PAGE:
I was surprised to find a parking space bang outside the school gates, and so little sign of activity within that we wondered aloud, in a hopeful sort of way, whether we might have come on the wrong night. This concern increased when we looked through the windows into the apparently empty school hall, though when we got through the unlocked door it transpired that the event was simply very sparsely attended, and those present were clustered towards the war memorial organ, bearing the names of the dead in two world wars, doubtless wishing that their names were among those inscribed there. There were some sticky name badges on a table by the door and, as I put mine on, a blonde woman standing nearby leaned across and peered at it. I smiled in response and she said rather curtly, “Oh no, I wasn’t looking for you!” I could think of no wittier response than “Evidently”, so perhaps I am losing my touch. When she later bothered to put on a badge herself I identified this woman as the person employed by the school to maintain good relations with its old members. She was bloody rude to me last time I made the mistake of returning to the place too, now I come to think of it. I wonder whether she should be having a quiet word with the school’s careers adviser?

I wandered across to a trestle table at the side of the hall and a woman with arms like tattooed hams poured me a couple of small tins of orange juice into an inelegant pint glass. Then I made desultory conversation with a few people I did not know and did not really wish to know, until it was time for dinner. I took a look at my name on the 1971 Honours Board as we passed by and wondered whether the next name on the alphabetical list was the same person whose sudden death in Hexham at the age of 55 had been recorded on page 12 of this morning’s Newcastle Journal.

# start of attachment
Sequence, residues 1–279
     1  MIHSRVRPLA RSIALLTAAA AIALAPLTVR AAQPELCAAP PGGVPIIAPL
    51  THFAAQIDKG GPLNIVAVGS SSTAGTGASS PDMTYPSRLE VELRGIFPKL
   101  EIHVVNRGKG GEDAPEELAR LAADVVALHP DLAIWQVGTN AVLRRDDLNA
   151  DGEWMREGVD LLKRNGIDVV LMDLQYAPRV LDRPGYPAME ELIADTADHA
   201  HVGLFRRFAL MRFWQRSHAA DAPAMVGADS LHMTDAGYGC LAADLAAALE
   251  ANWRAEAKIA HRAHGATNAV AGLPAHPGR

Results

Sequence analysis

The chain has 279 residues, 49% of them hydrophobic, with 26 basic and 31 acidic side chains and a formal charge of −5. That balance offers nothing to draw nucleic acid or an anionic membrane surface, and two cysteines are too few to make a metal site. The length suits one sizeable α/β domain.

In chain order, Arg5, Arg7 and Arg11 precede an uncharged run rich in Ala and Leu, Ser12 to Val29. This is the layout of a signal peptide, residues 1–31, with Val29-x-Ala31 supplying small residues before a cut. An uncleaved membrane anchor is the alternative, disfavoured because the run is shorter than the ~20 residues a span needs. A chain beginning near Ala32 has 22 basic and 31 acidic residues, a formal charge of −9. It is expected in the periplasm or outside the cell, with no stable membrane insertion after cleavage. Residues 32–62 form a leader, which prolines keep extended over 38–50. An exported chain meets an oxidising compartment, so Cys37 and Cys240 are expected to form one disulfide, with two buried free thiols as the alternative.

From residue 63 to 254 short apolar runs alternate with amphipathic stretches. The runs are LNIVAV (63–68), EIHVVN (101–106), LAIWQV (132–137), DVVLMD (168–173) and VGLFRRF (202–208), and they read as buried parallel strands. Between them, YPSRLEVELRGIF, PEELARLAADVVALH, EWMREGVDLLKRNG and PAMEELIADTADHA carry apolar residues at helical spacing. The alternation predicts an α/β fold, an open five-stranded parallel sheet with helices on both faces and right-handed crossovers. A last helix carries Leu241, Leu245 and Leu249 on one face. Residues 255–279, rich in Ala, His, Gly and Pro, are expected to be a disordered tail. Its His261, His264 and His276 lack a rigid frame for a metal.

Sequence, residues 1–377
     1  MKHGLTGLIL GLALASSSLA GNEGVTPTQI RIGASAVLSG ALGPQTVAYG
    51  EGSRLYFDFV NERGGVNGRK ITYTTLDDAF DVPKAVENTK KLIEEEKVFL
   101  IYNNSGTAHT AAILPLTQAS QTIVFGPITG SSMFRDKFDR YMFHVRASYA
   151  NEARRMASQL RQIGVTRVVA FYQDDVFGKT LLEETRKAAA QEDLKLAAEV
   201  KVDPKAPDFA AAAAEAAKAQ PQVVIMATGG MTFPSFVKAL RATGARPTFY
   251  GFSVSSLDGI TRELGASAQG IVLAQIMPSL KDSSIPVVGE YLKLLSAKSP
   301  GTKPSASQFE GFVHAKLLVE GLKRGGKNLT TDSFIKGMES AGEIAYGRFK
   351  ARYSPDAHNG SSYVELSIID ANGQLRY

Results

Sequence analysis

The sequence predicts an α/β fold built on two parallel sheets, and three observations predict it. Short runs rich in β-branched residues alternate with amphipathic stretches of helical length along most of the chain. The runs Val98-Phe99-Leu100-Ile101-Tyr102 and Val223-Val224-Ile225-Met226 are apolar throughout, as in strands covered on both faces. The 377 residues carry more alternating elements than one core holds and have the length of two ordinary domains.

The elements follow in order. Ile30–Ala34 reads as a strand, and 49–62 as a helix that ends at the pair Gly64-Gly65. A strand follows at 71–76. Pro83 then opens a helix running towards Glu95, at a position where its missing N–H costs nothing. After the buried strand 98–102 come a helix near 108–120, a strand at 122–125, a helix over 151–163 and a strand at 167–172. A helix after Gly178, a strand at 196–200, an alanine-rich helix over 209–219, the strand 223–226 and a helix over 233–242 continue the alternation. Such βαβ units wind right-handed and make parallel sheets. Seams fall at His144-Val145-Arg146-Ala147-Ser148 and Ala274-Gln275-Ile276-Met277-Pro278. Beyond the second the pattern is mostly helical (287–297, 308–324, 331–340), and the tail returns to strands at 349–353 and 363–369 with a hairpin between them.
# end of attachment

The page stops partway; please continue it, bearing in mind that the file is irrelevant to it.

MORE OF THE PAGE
I had never knowingly set foot in the new school dining hall before, since I avoided school lunches in my days at the place because of their catastrophic inedibility. I remember sitting through a history lesson and learning that one of Florence Nightingale’s great contributions to the welfare of the British soldier had been insisting that they received edible meals in hospital, rather than hunks of animal roughly allocated by weight, which might turn out to be all bone and gristle. I had to restrain myself from sticking a hand up to enquire how many more centuries it would take before the school applied the same standards in its kitchens.

In fact, I thought they had knocked down the new school dining hall of my day and built an even newer one, but they proved only to have clad the 1960s structure in some fancier brickwork when they built whatever replaced the old gymnasium next door. It is a soulless place, with noisy air conditioning and draughts strong enough to blow out the candles on most of the tables. I was seated at a table of eight which also contained three contemporaries of mine (the two I had brought with me plus a multi-millionaire TV producer), three other blokes who were about three years younger than I am, and an unfortunate youth who turned out to be the “senior prefect” or deputy head boy.

One of the three slightly younger chaps, who had the sort of double-barrelled name that would have inspired Evelyn Waugh to write a short story, said that, while he had never spoken to me, he had been watching me with interest since he went to Akhurst Boys’ Preparatory School at the age of four, and I was the big boy who rang the bell. Luckily he wasn’t the unfortunate I accidentally struck in the face with it, while swinging it enthusiastically for the start of lessons one afternoon.